Flexible Arrangement

by Katie Lee

— By Jeremy Johnson —

How to maintain ADA compliance and avoid potential litigation: flexible signpost vs. concrete pyramid base.

The Americans with Disabilities Act (ADA) sets requirements for accessible parking spaces that businesses and municipalities must follow. Failure to comply with these regulations can result in fines and legal action. According to ADA.gov, businesses and municipalities found to be in violation of ADA regulations can face up to a $75,000 fine for the first incident and $150,000 for any additional failures to comply.

According to the California Commission on Disabled Access (CCDA) 2015 Annual Report, the top two ranking violations were: Loading Zones/Van Access and Parking Space/Lot Signage, respectively. These two alone accounted for 25% (2,403) of the total alleged violations.

In fact, according to the CCDA Annual Report, from the years 2013-2015, Parking consistently made up the highest percentage of total alleged violations out of all six location categories. Other categories included: Accessible Route and Entry, Toilet Rooms & Bathrooms, Access with Public Facility, Equipment within Public Facility, and General Alleged Violations.

The CCDA report noted above provides a snapshot of just one state in our nation, but this problem is far-reaching. A common area of ADA non-compliance in the U.S. today resides in the proper installation of ADA-compliant signposts and signage. Accessible Parking Spaces, as outlined on the ADA website, must be clearly marked with a sign that includes the international symbol of accessibility.

Additionally, the sign must be placed in a location that is clearly visible from the parking space it designates. According to the United States Access Board website, the ADA sign must be mounted on a post that is at least 60 inches above the ground.

Individual states and municipalities may also have their own sets of requirements for ADA parking, which must be considered in addition to the federal regulations. To this point, it is important to check with local authorities to ensure compliance.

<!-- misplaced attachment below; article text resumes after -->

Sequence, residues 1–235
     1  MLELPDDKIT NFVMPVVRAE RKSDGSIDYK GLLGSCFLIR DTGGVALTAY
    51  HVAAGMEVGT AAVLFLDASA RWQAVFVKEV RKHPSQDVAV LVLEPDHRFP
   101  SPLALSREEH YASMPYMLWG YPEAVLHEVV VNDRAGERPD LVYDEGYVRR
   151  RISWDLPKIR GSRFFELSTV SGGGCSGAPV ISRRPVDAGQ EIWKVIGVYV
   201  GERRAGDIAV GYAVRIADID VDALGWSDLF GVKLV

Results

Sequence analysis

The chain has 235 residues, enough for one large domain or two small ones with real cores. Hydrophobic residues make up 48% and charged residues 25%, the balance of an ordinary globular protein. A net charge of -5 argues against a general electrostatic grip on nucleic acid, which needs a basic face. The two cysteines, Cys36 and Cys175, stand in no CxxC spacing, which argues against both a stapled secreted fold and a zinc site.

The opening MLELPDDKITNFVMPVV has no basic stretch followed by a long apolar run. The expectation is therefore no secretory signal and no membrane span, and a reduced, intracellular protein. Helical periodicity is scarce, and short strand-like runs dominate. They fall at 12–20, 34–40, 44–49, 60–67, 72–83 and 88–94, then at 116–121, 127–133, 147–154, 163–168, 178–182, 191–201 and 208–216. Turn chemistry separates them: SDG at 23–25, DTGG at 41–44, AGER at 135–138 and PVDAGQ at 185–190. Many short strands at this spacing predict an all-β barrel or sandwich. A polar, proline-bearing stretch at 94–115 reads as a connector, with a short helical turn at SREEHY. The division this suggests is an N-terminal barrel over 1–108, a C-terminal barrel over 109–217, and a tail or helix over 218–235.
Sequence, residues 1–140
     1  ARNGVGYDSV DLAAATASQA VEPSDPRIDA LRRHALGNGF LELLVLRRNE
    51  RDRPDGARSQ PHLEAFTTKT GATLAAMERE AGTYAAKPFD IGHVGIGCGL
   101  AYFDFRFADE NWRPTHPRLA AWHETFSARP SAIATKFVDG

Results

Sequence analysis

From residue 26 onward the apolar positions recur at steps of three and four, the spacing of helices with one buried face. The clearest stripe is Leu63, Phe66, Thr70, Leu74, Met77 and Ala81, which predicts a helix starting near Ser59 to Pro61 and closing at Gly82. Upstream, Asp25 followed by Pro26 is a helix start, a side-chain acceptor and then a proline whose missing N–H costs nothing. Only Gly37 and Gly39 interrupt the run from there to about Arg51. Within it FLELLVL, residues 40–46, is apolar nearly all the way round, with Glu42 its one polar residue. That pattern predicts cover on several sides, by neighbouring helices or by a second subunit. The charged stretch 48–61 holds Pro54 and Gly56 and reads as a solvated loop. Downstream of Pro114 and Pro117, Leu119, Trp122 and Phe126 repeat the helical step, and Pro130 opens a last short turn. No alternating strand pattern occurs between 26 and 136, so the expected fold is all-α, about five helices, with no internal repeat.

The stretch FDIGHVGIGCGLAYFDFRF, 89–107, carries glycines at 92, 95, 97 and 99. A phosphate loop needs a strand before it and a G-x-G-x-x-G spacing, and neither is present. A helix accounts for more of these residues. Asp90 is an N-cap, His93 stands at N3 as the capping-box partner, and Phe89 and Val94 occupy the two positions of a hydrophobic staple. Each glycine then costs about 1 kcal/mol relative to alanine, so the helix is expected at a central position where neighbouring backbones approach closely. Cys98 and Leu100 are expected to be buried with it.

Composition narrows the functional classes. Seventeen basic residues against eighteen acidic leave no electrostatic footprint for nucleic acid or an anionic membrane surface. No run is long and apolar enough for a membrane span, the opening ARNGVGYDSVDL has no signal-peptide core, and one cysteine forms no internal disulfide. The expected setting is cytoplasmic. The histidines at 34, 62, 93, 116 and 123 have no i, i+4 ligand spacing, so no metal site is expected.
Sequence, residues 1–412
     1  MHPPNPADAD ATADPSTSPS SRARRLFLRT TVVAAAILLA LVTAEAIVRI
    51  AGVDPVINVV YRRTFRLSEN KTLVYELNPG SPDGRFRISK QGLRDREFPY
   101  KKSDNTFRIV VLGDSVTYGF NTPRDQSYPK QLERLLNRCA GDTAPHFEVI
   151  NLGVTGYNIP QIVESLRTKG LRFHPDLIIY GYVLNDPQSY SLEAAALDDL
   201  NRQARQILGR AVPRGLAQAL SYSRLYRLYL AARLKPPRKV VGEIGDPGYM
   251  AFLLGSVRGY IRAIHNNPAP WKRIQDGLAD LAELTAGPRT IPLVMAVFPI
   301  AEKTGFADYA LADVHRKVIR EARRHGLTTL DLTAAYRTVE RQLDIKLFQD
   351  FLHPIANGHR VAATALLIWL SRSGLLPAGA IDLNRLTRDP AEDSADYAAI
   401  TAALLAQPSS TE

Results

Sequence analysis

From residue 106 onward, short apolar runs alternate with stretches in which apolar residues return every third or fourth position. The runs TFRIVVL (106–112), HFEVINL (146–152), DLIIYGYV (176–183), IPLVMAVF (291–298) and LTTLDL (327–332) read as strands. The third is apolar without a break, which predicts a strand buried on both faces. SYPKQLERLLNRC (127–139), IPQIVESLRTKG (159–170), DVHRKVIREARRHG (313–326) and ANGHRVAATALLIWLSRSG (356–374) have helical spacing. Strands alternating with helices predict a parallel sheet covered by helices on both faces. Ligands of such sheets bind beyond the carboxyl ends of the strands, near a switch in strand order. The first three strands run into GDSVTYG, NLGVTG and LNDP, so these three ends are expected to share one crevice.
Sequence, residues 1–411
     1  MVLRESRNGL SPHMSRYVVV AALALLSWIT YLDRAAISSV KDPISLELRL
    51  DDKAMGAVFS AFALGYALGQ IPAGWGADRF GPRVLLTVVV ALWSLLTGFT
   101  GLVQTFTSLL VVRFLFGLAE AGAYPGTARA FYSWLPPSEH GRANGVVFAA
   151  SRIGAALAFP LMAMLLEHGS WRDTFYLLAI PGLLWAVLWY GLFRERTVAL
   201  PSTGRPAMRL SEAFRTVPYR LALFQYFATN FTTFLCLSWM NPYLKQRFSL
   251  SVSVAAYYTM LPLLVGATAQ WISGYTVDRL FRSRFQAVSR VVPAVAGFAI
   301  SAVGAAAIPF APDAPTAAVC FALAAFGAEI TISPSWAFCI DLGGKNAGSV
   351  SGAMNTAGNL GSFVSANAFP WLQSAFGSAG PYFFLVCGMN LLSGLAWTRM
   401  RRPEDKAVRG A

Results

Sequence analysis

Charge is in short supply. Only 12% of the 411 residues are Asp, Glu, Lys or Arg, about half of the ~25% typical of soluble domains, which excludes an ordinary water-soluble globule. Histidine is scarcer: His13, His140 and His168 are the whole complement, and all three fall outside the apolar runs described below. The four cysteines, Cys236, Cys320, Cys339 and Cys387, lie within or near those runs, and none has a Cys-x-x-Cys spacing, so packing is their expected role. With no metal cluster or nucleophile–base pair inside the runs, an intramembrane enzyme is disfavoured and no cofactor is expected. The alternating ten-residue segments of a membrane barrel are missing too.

ADA parking space signposts with portable concrete pyramid bases can become problematic as they are not affixed to the parking lot surface and can be easily moved or turned. This can lead to issues such as signposts being knocked out of the parking space by a vehicle or getting turned around, so that the ADA sign is not visible. Not only can this result in non-compliance with ADA regulations and lead to potential fines, but it also creates an unsightly parking lot which could negatively affect an organization’s brand image.

Tripping hazards are also a consideration when portable pyramid base posts and other objects in parking lots have been pushed into pedestrian walkways, leading to potential injuries and lawsuits. Due to premises liability law, the liability for these types of injuries (like many slip-and-fall accident cases) typically lies with the parking lot’s owner. This can be evidenced in recent cases involving customers tripping over curb stops, also known as parking blocks, and being injured.

For example, in June 2019, Florida’s Fifth District Court of Appeals filed an opinion in favor of the appellant, a woman named Sherrye Parker, with a premises liability claim involving the parking lot of the appellee, Shelmar Property Owners Association, Inc. While walking across the parking lot, Parker tripped over a parking block and injured herself in the fall. In this case, the wheel stop was erroneously installed in front of the walkway for entering and exiting the store.